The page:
Welcome to my blog. I often think I was born with a book in my hand. I have always enjoyed reading, but more importantly, talking about books. This blog is partially about reviews, but is really a forum to talk about what I'm reading, and express all of the thoughts and feelings that there simply isn't room for in a professional review. I look forward to hearing your thoughts on your favourite books as you follow my reading journey.
Monday, April 30, 2012
I received a copy of this book from Random House a while ago, but not knowing anything about it, I put it on my shelf to read sometime, figuring that with all of the reading I had to do over the next several months, I'd get to it one of these days. Then, all of a sudden I started hearing things about this book. Two different colleagues/friends whose opinions I greatly respect told me that this was a book I had to read. Then I started hearing about it on Twitter, and I just couldn't resist any longer.
The book is so beautifully written, and there are moments of total heartbreak and absolute joy. You will not find another character like Auggie. He knows what he looks like, and he knows how people perceive him. In his short life, he's become a master at recognizing that flicker of shock that registers on a person's face when they first see him, and he knows when adults put on the "too shiny" smile that means they are trying to disguise what they are thinking. Imagine what it felt like as a teen when you had that huge red zit on your nose, and amplify that by 100. Then you might be able to comprehend how Auggie feels when people looks at him. As wise as he's been forced to become, Auggie is still a vulnerable little boy, and the way that people behave towards him reveals a lot about human nature both good and bad.
When his parents introduce the idea of school, Auggie is terrified. He knows that his appearance will make things difficult, and a big part of him wants to stay shielded from the world. Kids can be extremely kind, and extremely cruel, and Auggie experiences both throughout the school year. Julian is one of the cruel, but as Auggie explains to his mother, he only acts that way when adults aren't around.
Through the multiple voices in the novel, readers gain deeper insight into the person that everybody else sees. Auggie's sister Via (short for Olivia) has always been his biggest champion, but now that she's in high school, she's carrying a lot of her own baggage, and just once wants the right to be selfish and think about herself first. Jack and Summer are the first kids to actually accept Auggie, but all friendships have their bumps in the road, and part of Auggie's growth is learning how to accept that people make mistakes, and find a way to get past it.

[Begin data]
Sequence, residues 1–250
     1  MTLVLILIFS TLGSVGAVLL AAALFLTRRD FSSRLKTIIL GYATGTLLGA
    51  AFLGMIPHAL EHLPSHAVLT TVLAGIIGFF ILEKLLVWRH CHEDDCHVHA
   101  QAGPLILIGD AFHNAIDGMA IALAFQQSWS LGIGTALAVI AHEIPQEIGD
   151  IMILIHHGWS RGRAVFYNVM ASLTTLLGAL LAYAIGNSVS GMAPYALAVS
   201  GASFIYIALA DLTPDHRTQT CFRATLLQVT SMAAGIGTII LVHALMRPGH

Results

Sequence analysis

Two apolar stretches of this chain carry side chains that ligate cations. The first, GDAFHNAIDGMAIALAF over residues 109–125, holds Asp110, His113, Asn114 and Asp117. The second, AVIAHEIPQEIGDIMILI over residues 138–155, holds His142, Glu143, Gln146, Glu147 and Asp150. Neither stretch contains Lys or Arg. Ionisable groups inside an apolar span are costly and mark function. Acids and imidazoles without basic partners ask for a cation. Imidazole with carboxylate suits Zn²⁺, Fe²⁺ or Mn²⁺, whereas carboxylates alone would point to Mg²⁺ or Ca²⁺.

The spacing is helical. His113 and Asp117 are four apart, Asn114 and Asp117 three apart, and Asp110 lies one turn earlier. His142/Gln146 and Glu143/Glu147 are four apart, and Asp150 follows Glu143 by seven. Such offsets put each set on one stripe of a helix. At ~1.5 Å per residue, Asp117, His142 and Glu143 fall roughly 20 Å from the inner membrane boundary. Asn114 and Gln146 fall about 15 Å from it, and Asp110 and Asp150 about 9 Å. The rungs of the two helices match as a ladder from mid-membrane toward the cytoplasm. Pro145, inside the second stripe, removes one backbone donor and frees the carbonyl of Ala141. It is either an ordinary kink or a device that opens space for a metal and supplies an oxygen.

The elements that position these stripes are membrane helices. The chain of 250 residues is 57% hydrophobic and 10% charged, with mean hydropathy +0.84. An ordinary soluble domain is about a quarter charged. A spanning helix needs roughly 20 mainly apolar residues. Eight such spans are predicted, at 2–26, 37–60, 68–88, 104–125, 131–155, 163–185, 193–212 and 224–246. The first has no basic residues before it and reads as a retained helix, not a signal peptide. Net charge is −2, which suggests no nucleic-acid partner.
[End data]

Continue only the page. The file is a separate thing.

Every so often, a book comes along that is so unique and special that you just can't wait to share it with everybody you know. This is one of those gems, and I'll tell you right now- you will fall in love. this is a one-of-a-kind book that you'll remember long after you've turned the last page, and want to start reading again immediately. A warning though: don't read this without a box of Kleenex nearby. I got about halfway through before I started bawling (and on the subway no less) and I never quite recovered.
Posted by Rachel Seigel at 4:00 PM
Friday, April 13, 2012
This book completely creeped me out, but in a good way because it felt so real and so possible.. From SARS to H1N1, there have been no shortage of epidemic scares, but I think what particularly amplifies the terror of this one is that it takes place on an island.
Imagine living in a place where the only way you got supplies was by shipping them in from the mainland. Now imagine what happens when those supplies stop coming. When the people around you are sick and dying. When stores don't open, when schools are closed, and people point guns at you if you cough or sneeze in front of them. This is the world that Megan Crewe creates in the first book of her new series.
Written in letter/journal format, Kaelyn does her best to accurately record everything that happens so that Leo (the boy who was her best friend until their falling out a year ago) will know the truth in case nobody on the island makes it. As the disease claims more and more people, Kaelyn's fear is palpable. Her father, a scientist is working around the clock to try and figure out a way to treat the disease, but they are working against a clock that is rapidly running out. Kaelyn's entries also reveal the absolute terror of isolation as weather knocks out most of their communications systems, and completely cuts them off from the mainland.
Also chilling are the episodes of cruelty and anarchy that occur when the community is at its most vulnerable. Not only do some people start breaking into stores and stealing, but they also start burning homes and killing people who seem to be infected with the virus. It's horrible to imagine, but not unlikely that this would and could happen.